When I was in the Air Force we were taught that those were formed in bad thunderstorms and meant extremely unstable air. You usually see them around the same time as hailstorms and tornados. They relate to the phenomenom called 'micro bursts' which are sharp down drafts which can literally drop a plane a thousand feet in a few seconds. Really scary!
[This message has been edited by keldon02 (edited December 16, 2005).]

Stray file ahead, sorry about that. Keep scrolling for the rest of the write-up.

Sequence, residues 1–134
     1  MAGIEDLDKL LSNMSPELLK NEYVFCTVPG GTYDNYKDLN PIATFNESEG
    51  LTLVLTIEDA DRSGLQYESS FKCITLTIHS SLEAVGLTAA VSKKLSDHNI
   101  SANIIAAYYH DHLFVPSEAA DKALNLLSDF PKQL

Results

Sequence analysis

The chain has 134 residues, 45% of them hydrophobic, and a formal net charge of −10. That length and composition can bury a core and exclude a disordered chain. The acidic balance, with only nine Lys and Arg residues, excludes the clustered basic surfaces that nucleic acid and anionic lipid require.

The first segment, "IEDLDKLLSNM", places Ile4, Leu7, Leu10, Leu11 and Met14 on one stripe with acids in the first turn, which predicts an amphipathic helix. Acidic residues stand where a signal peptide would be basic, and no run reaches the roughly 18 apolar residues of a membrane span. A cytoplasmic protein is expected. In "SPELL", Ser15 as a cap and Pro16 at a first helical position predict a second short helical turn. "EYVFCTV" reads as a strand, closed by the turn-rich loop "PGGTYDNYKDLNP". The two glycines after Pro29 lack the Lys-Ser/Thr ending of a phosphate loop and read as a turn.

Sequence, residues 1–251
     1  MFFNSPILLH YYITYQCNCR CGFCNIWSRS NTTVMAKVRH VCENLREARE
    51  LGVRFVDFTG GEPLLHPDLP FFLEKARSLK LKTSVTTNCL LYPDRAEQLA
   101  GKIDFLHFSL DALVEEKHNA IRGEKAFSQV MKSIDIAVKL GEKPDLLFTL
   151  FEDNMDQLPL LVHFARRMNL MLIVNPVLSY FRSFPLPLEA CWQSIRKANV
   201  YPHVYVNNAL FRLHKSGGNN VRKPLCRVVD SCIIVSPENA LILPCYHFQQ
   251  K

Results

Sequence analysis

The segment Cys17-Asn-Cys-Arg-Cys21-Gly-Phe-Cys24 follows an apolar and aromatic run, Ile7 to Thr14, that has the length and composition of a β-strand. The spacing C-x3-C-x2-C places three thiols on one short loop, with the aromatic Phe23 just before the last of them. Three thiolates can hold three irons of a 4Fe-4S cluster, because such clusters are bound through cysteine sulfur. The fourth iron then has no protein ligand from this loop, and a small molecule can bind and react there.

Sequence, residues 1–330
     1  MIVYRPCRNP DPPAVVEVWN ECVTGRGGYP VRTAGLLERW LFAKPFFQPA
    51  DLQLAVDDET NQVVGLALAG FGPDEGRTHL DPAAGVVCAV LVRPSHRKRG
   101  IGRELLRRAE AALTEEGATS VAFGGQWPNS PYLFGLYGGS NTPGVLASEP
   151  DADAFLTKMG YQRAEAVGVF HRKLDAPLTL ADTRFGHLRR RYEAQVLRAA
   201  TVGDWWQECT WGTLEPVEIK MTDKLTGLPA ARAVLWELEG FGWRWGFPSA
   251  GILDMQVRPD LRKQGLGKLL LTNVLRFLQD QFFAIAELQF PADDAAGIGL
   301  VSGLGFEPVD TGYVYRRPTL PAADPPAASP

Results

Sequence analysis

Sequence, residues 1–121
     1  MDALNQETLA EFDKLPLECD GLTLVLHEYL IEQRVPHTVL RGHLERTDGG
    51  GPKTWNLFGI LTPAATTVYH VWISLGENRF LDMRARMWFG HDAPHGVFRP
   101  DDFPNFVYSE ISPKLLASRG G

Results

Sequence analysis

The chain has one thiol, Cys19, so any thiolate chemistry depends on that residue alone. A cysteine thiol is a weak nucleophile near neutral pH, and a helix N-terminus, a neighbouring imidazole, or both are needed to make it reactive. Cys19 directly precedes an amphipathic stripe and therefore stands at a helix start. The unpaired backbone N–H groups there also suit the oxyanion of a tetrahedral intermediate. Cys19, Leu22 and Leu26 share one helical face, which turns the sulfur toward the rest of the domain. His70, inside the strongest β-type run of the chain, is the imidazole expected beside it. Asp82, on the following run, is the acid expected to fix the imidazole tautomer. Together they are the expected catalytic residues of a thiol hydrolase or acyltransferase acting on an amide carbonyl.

Bad weather on the ground, that is. K is right about them being an indication of dangerous downdrafts, though since it is the downdraft that forms them they tend to be most spectacular after the downdraft activity. If you see them forming in an area that you're flying towards, it's a bad sign. If they've finished forming and are beginning to dissapate, then it is merely creepy.
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